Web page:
Tuesday, January 17, 2017

Balleisen's "Fraud"

Many legal historians will be interested in the newly published Fraud: An American History from Barnum to Madoff (Princeton University Press), by Edward J. Balleisen, associate professor of history and public policy and vice provost for Interdisciplinary Studies at Duke UniversityFraud
examines the evolution of marketplace deceptions and anti-fraud policies in the United States from the early nineteenth-century to the present.  The book emphasizes that the worst business frauds have consistently clustered in economic sectors undergoing rapid technological or organizational change.  It also charts the gradual move away from a legal culture predicated on caveat emptor to one that gave investors and consumers greater protections, as well as the emergence of modern regulatory agencies with anti-fraud missions, at both the subnational and national levels.  At the same time, Fraud traces the evolving regulatory functions of non-state actors, like the press and private regulators like the American Better Business Bureaus.  Throughout, the book pays close attention to regulatory governance in action – how agencies operate on a day to day basis, and how businesses responded to their efforts.  This approach reveals a recurring tendency of anti-fraud institutions to develop modes of denying allegedly deceptive firms access to the marketplace through such policies as mail fraud orders, declarations that advertising is not in the public interest, and orders to prohibit firms from access to online payment systems.  Such policies inevitably bump up against American legal culture, prompting the fashioning of procedural protections that impose requirements of fairness at the expense of speed and effectiveness.  Fraud concludes with an extended consideration of the resurgent problem of business fraud during the deregulatory decades since the mid-1970s, an episode that underscores the importance of regulatory structures that provide fraud containment.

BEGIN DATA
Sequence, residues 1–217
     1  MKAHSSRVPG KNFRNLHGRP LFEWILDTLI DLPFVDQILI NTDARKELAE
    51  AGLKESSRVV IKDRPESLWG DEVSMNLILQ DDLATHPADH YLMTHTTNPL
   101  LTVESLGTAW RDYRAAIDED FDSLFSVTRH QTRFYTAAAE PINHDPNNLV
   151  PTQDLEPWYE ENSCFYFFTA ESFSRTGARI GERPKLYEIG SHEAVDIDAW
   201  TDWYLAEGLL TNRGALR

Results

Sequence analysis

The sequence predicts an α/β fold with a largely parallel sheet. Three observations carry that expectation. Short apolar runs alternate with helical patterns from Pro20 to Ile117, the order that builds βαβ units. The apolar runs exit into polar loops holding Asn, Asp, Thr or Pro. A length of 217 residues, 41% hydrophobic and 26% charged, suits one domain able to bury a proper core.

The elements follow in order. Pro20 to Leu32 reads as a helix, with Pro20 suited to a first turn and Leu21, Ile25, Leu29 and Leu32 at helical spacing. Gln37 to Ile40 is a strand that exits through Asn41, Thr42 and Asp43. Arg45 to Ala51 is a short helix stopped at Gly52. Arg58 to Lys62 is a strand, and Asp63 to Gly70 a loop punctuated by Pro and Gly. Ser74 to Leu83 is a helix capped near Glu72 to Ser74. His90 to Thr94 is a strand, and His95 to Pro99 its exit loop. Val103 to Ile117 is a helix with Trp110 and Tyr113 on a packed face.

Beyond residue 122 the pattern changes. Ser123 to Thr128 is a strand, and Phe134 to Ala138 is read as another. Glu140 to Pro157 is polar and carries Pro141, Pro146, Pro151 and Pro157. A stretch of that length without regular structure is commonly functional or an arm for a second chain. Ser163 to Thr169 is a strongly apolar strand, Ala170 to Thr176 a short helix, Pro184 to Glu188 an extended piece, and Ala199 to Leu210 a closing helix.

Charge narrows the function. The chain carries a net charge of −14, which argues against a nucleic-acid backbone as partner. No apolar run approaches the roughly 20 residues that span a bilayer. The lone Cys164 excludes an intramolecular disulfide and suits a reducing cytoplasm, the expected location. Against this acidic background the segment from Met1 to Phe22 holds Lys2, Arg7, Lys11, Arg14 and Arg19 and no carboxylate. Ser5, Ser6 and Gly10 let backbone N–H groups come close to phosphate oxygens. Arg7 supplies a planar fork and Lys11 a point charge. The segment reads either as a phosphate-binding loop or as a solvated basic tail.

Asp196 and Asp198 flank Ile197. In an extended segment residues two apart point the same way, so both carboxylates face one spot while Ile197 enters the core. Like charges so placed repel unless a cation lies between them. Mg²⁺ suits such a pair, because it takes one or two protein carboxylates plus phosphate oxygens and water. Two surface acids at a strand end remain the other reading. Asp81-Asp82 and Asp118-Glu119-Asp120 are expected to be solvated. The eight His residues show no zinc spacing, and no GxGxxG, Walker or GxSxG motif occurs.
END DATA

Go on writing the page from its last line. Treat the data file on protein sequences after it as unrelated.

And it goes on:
Publisher’s Weekly:

“Balleisen shows how anti-fraud regulations were perennially weakened by Americans’ grudging admiration for clever con-men, industry lobbying, the doctrine of caveat emptor (the notion that buyers are responsible for avoiding scams), and fears that cracking down too harshly on fraudulent promises might dampen the investor enthusiasm powering the economy. Balleisen’s lucid, engagingly written mix of institutional and legal history, behavioral economics, and entertaining anecdotes illuminates this land of bilk and money”

Kirkus Reviews:

“Balleisen casts a gimlet eye on the passing parade of hucksters and charlatans, peppering a narrative long on theory with juicy asides that build toward a comprehensive catalog of ‘Old Swindles in New Jargon….’ Ranging among the disciplines of history, economics, and psychology, Balleisen constructs a sturdy narrative of the many ways in which we have fallen prey to the swindler, and continue to do so, as well as of how American society and its institutions have tried to build protections against the con. But these protections eventually run up against accusations of violating ‘longstanding principles of due process,’ since the bigger the con, the more lawyers arrayed behind it.”


"Often vivid and always thoughtful, this is a very important and impressive work by a rigorous, venturesome historian at the top of his game. When so much public debate about regulation is polemical and hyperbolic, Edward Balleisen has made a major contribution by writing a book that thoroughly, comprehensively, even-handedly, and engagingly examines the history of American fraud and its regulation from the early nineteenth century to today."--Daniel R. Ernst, Georgetown University Law Center

Professor Balleisen discusses the book here.